Singing the Lord’s song in a strange land

Pacific Conference of Churches Moderator Rev Dr Tevita Havea with Uniting Church in Australia President Dr Deidre Palmer. Pacific Conference of Churches Moderator Rev Dr Tevita Havea with Uniting Church in Australia President Dr Deidre Palmer.

President Dr Deidre Palmer delivered this reflection for Closing Worship at the Pacific Conference of Churches in Auckland.

How shall we sing the Lord’s song in a strange land?

There has been much singing over this time together
One of the warmest memories I will carry with me from this conference is the singing
Singing in the bus on the way home last night
Singing praises to God in our opening worship
Songs of lament -by the rivers of Babylon there we sat down and there we wept.
Singing in harmony- as a symbol of the Ecumenical movement - Christian community woven together by God’s Spirit - different voices, different languages, raised in praise and hope

The theme has raised up theological themes about the Lord, whose song we are called to sing:

We have spoken of God’s faithfulness.
We have remembered the liberating and redemptive work of God in our lives, the liberation and redemption that have brought us here.

We echo with the people of Israel the God who is our liberator:
“We were Pharaoh’s slaves in Egypt and God delivered us with a mighty hand!”

In the first Bible Study, we heard of a migrant God who crosses boundaries with us and dwells with the least of us.

We have brought to remembrance our God who endures hardship with us.

I recall the Moderator’s address - calling for a spirituality of vulnerability - vulnerable to God, who became vulnerable in the person of Jesus.

And we have heard in the reports and proposals that have been brought, God’s call to us to embody God’s vision and desires for God’s world.

We have responded by supporting calls to protect our children and nurture families and communities in which our children are safe, deeply loved and are able to live the abundant life God desires for them.

We have responded to God’s call by committing ourselves to eliminate violence, particularly against women and children. We have committed to creating communities of women and men that are marked by equality, respect, mutuality and love, where we all can flourish.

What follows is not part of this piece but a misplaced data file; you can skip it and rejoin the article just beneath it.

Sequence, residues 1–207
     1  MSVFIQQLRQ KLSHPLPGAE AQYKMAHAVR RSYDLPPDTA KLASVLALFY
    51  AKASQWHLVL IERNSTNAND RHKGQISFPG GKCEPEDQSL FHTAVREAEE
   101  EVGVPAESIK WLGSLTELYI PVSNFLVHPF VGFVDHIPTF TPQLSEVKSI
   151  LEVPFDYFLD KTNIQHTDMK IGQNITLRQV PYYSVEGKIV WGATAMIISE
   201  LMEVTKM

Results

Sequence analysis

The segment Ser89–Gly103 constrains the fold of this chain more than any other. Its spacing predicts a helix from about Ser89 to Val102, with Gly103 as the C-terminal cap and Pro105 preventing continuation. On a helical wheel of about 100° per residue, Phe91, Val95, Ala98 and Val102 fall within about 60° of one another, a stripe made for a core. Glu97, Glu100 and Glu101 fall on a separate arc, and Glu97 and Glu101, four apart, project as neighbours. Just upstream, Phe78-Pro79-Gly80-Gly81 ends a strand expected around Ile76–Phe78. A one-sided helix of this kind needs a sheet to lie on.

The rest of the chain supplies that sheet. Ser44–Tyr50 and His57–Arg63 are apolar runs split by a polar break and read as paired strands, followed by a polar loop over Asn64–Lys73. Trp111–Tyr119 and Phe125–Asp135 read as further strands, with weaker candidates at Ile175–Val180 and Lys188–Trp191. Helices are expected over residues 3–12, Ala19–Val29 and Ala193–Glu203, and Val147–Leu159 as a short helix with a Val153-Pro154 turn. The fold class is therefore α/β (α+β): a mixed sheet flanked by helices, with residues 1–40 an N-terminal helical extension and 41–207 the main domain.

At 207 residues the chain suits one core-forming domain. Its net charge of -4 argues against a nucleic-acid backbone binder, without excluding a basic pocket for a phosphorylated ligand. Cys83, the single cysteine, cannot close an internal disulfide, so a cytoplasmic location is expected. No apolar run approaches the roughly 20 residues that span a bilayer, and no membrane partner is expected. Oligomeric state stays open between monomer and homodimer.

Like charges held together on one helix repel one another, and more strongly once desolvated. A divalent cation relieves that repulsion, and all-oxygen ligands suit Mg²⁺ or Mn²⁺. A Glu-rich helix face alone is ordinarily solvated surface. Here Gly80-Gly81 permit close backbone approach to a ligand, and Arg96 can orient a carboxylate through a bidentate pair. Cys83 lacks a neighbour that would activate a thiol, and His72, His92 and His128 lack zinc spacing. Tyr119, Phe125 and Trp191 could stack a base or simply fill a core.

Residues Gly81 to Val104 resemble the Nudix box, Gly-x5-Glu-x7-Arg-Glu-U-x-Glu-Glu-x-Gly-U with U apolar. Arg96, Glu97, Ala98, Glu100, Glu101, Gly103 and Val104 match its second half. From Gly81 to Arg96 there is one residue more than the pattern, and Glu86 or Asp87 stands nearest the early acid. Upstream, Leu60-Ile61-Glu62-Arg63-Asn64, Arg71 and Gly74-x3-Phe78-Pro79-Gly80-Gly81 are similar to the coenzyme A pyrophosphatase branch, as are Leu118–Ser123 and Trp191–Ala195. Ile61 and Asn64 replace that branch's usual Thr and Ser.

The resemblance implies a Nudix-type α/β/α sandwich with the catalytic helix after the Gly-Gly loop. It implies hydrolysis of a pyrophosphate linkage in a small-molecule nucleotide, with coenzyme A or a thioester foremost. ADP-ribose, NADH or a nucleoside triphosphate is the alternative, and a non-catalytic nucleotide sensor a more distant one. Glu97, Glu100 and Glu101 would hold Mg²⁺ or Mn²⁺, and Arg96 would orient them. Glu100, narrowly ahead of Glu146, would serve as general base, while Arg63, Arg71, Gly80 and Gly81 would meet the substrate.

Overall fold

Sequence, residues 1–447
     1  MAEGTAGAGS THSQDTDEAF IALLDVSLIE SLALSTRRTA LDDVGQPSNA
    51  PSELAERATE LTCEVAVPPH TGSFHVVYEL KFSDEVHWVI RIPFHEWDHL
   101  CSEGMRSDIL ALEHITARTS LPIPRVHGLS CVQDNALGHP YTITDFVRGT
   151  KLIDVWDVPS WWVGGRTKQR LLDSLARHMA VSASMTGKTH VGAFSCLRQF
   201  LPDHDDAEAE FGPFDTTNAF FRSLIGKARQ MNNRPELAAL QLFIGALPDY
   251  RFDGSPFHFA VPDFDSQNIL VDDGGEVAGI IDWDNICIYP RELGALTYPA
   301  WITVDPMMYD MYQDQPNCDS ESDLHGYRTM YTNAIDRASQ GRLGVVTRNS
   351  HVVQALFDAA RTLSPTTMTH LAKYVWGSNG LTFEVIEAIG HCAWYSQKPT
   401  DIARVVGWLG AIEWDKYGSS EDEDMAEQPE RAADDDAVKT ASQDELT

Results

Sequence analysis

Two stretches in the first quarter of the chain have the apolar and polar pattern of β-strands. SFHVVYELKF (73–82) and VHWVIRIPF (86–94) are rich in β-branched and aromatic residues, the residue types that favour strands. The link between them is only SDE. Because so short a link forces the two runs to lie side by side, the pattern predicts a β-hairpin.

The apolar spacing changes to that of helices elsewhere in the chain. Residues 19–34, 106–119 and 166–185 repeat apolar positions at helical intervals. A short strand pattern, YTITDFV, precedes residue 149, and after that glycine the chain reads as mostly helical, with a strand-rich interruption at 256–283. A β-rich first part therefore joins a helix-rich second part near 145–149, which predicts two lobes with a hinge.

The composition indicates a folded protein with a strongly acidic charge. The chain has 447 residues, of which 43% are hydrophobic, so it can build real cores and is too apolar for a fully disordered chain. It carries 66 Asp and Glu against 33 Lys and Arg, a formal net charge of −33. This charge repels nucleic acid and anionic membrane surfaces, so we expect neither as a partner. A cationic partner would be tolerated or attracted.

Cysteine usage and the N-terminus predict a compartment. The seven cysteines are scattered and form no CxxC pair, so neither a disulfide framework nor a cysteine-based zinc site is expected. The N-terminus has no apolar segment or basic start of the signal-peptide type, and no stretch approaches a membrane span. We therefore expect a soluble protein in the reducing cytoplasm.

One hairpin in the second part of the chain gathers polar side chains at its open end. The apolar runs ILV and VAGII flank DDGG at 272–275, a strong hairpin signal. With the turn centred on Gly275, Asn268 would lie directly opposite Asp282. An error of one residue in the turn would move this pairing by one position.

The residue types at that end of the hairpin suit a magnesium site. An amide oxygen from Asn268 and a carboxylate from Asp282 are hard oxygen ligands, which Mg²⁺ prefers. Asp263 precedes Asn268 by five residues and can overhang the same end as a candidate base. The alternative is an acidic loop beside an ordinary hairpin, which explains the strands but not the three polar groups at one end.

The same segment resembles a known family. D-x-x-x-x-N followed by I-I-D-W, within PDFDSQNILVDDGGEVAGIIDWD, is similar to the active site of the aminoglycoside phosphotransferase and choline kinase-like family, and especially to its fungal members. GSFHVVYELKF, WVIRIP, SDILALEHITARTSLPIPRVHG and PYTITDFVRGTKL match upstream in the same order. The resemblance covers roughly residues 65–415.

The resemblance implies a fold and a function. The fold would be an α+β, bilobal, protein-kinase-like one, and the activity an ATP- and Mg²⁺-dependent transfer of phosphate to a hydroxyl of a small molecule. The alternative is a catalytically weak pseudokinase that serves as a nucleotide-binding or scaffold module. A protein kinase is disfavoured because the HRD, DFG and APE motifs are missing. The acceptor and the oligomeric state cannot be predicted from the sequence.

We have responded to God’s call to be advocates for justice in supporting self-determination for our sisters and brothers in West Papua, Maohi Nui, and Kanaky.

We have heard stories of modern slavery and promised to sing God’s song of protest against all those situations where people are exploited and dehumanised.

We have heard the cries of the earth and the ocean, as we grieve the degradation of the environment and we commit to participating in God’s healing and renewal of the earth.

In her address to our gathering, the Queen spoke of a theology of hope and resilience.

What is the hope that you carry as we are sent out from this place?

What are the memories of this gathering that will strengthen your song of hope?

Our song of hope is strengthened
As we remember the intergenerational Christian community that we have experienced here and remember the recommendations from the youth delegates: “we call on our leaders to affirm the voice of our young people at all levels of decision making”.

Our song of hope is strengthened as we remember the women’s pre-Assembly gathering and the resolutions the Assembly passed calling us to address gender-based violence, climate change, child protection and equal access of women in theological education. And I will remember the conversations with the most amazing women, who are leaders in our churches and have worked to ensure that women’s voices are heard, as they sing with Mary and other faithful disciples of Christ of God’s Liberating and reconciling love
What will you recall that will bring hope and give you the courage to continue to sing the Lord’s song?

And along with our remembering, we look to the horizon of hope before us that includes God’s call for us to be the Body of Christ, unified in love and faith, trusting that God will lead and guide the Ecumenical adventure that is the Pacific Conference of Churches.

Our very existence as an ecumenical body is a sign of hope for us within the global Communion of Churches and a witness to God’s reconciling hope in the world.

Alongside our Moderator, Deputy Moderator and General Secretary, God commissions us today to be the people of God in the Pacific and faithfully sing God’s song of liberation and transformation in our world.

As we are sent out, sisters and brothers in Christ: let us pray:

May God our Creator renew in us the creative Spirit that brings healing and life to our world.
May Jesus the Christ, uphold us in grace and love
May the Holy Spirit fill us with the courage to be bearers of God’s song of hope in the world, Amen.